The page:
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Cities unite to battle hunger
Federal Way is committing 30 days — instead of the traditional one day — to gather food for the hungry.
The 16th annual Mayor’s Day of Concern for the Hungry will run 9 a.m. to 6 p.m. Sept. 27 at grocery stores throughout 24 King County cities. But, the Federal Way City Council announced Tuesday that, while this day will be recognized, the goal is to collect food all month.
The Federal Way food bank has seen an increase in demand. The bank was seeing 45 to 60 new visitors per week in late July, food bank supervisor Mary Craves-Hollands said. The increase in people who need assistance began around February, she said.
“We have just a problem. The lines at the food bank are just blocks long,” council member Linda Kochmar said.
Knowing this, the city council is asking churches, service organizations, scouting troops and residents to pitch in what they can to help their neighbors.
At Kochmar’s church, St. Vincent de Paul Parish, ideas of how to help the needy have circulated, she said. One idea mentioned is to send parishioners home with a brown bag and ask each to return it the next week full of food to donate to the food bank. These types of efforts will take place through the end of the month, in addition to the annual Mayor’s Day of Concern for the Hungry.
The effort is an Emergency Feeding Program project. The program provides goods through six distribution centers, separate from the Multi-Service Center’s Federal Way food bank, in partner cities, said executive director Arthur Lee. It offers those in need a variety of prepared nutritional meals, Lee said. Food for diabetics, infants and the homeless is provided, he said.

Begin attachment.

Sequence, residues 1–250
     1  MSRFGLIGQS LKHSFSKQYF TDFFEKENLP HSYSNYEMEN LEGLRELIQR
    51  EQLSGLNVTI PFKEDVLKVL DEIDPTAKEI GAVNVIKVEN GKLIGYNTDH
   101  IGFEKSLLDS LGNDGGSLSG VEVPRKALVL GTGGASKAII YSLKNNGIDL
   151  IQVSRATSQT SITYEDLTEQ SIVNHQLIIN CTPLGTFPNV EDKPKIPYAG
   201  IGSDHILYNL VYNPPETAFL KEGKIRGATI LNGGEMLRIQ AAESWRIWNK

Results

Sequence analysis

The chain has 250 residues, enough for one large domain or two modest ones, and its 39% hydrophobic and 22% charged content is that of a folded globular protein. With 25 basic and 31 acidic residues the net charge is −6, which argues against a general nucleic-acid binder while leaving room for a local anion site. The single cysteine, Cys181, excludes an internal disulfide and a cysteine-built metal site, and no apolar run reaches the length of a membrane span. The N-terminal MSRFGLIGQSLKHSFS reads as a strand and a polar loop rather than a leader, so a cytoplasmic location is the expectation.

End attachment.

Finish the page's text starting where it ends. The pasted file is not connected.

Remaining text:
Each year on the Mayor’s Day of Concern for the Hungry, volunteers station themselves outside participating grocery stores and provide customers with a list of items — peanut butter, canned vegetables, soups, lunch meats and more — that are needed by the city’s less fortunate population.
“It’s a project we do county-wide and in each area we ensure that food returns back into that community,” Lee said
Typically, the EFP attempts to place volunteers at 60 grocery stores county-wide. This year, the agency hopes to expand its volunteer efforts to staff 100 stores.
“In just the last six months, we’ve seen an 81 percent increase in the amount of food that is being requested from our more than 130 distribution partners,” Lee said in a Sept. 2 press release.
The EFP does not have a set goal for how much food it would like to collect on the mayor’s day, but more is needed this year than was gathered last year, Lee said.
“Last year things were a bit slow here,” Lee said. “Again, we are trying hard to get back to that number and certainly to exceed it.”
Lee said Federal Way’s efforts to encourage a month of giving was commendable.
“We have a great, caring community so I know they will help,” Kochmar said.
Contact Jacinda Howard: firstname.lastname@example.org or (253) 925-5565.
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To learn more about the Mayor’s Day of Concern for the Hungry, visit www.emergencyfeeding.org/mdoc.html. Information on how to register to be a volunteer is provided here. EFP asks that volunteers register before Sept. 19. A list of participating grocers will be available the same day.
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